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One more poem

Posted by Bob on October 25, 2005

In Reply to: Re: It is better to travel hopefully... posted by Bob on October 25, 2005

: : : : What does this Quote by Robert Louis Stevenson mean?
: : : : "It is better to travel hopefully than it is to arrive."

: : : I take it to mean that the pleasurable anticipation of something is better than the disappointing reality of its actually happening. A rather pessimistic view of life, perhaps.

: : : DFG

: : But a pleasant trip lasts longer than the moment of arrival.

: RLS would certainly agree that life is a journey, and the last stop is death. Arriving is no great goal; living and enjoying life is what we must do. Stop to smell the roses. Enjoy the scenery. Carpe diem.

I was thinking of Cavafy's poem "Ithaka" which I once memorized, but a few decades dimmed my memory. It's worht a read:

As you set out for Ithaka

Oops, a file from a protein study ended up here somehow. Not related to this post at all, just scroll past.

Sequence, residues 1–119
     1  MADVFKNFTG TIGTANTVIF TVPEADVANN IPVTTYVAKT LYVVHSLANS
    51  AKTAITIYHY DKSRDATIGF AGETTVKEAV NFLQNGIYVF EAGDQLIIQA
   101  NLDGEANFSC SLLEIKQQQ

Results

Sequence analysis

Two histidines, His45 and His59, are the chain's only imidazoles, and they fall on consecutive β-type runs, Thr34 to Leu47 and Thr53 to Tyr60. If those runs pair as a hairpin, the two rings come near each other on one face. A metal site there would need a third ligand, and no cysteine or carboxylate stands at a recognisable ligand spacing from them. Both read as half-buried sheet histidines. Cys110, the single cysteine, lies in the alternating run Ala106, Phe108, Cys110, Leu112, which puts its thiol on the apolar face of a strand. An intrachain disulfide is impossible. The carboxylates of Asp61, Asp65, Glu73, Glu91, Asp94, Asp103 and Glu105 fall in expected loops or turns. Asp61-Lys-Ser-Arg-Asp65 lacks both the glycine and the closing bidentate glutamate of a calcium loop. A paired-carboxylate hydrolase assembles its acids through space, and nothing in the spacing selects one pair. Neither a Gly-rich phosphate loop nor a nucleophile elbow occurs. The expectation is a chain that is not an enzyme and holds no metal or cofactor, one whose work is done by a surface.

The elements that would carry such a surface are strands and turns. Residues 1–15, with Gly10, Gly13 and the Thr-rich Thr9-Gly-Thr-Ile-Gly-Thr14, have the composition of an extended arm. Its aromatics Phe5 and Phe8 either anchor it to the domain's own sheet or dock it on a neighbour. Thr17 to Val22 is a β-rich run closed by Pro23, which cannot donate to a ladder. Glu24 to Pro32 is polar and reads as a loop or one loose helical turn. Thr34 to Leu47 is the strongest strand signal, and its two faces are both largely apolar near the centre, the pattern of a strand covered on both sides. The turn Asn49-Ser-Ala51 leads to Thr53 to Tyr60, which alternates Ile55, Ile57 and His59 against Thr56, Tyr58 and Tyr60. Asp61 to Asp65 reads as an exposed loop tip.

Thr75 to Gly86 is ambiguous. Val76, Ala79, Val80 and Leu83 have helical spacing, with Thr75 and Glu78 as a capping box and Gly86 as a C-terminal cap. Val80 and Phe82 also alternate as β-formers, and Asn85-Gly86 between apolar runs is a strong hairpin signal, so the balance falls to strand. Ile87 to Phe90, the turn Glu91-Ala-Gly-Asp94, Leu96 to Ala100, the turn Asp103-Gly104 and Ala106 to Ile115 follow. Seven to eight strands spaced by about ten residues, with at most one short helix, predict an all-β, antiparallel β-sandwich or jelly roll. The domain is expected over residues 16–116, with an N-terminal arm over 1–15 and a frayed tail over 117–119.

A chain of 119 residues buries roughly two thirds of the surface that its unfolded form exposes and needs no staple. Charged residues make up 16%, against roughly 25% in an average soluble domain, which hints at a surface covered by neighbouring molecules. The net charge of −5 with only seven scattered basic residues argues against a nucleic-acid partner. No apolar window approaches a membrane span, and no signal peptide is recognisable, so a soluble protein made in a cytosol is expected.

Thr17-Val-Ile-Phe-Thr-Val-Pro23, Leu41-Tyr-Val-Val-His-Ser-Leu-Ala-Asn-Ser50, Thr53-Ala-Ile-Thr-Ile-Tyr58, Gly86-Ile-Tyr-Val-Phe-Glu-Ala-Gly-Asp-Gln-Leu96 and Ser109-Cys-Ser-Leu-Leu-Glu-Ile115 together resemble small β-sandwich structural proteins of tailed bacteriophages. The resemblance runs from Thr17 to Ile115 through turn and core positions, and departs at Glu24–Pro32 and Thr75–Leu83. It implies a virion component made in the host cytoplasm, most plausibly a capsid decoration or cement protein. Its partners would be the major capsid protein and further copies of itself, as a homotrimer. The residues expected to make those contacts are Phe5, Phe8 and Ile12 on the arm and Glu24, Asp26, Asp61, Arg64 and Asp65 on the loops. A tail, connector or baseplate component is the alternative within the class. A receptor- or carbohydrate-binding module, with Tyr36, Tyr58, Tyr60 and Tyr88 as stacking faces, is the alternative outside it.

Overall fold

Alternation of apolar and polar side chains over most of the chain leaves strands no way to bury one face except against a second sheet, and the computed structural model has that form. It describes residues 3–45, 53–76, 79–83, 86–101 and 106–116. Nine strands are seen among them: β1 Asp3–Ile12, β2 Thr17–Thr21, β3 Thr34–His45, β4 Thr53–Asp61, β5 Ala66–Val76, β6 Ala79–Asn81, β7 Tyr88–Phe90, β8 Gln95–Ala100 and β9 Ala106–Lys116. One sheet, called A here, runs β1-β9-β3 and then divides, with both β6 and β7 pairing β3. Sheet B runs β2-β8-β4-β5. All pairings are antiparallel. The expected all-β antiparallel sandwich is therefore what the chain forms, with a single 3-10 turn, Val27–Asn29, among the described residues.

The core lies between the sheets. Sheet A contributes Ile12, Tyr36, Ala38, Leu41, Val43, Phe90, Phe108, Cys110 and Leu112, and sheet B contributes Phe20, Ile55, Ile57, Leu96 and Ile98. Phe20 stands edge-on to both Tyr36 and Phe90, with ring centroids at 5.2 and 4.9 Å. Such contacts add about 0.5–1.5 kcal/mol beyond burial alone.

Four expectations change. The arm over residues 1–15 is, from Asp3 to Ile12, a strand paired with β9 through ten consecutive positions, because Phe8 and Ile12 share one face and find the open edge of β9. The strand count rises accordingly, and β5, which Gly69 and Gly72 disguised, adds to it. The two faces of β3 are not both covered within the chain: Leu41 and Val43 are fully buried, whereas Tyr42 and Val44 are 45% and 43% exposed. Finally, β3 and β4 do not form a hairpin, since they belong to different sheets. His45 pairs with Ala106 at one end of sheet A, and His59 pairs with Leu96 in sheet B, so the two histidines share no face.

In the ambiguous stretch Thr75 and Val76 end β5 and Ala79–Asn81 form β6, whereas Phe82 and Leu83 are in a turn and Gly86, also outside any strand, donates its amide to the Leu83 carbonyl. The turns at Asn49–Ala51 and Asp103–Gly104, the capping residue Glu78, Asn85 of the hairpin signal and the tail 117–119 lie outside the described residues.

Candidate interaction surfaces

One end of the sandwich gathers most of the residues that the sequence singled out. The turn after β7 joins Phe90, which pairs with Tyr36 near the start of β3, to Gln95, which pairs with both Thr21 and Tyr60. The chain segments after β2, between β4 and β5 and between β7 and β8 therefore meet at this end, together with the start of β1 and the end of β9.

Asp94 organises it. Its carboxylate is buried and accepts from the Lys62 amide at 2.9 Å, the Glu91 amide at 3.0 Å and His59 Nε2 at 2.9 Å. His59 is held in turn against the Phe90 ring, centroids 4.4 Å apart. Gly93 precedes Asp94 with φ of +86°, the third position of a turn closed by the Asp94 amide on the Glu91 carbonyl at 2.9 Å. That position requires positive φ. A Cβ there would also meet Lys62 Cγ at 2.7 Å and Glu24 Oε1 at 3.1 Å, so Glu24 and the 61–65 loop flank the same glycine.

hope the journey is a long one,
full of adventure, full of discovery.
Laistrygonians and Cyclops,
angry Poseidon - don't be afraid of them:
you'll never find things like that on your way
as long as you keep your thoughts raised high,
as long as a rare excitement
stirs your spirit and your body.
Laistrygonians and Cyclops,
wild Poseidon - you won't encounter them
unless you bring them along inside your soul,
unless your soul sets them up in front of you.

Hope the voyage is a long one.
may there be many a summer morning when,
with what pleasure, what joy,
you come into harbours seen for the first time;
may you stop at Phoenician trading stations
to buy fine things,
mother of pearl and coral, amber and ebony,
sensual perfume of every kind -
as many sensual perfumes as you can;
and may you visit many Egyptian cities
to gather stores of knowledge from their scholars.

Keep Ithaka always in your mind.
Arriving there is what you are destined for.
But do not hurry the journey at all.
Better if it lasts for years,
so you are old by the time you reach the island,
wealthy with all you have gained on the way,
not expecting Ithaka to make you rich.

Ithaka gave you the marvellous journey.
without her you would not have set out.
She has nothing left to give you now.

And if you find her poor, Ithaka won't have fooled you.
Wise as you will have become, so full of experience,
you will have understood by then what these Ithakas mean.

-- Constantine Cavafy

See also: the meaning and origin of Carpe Diem.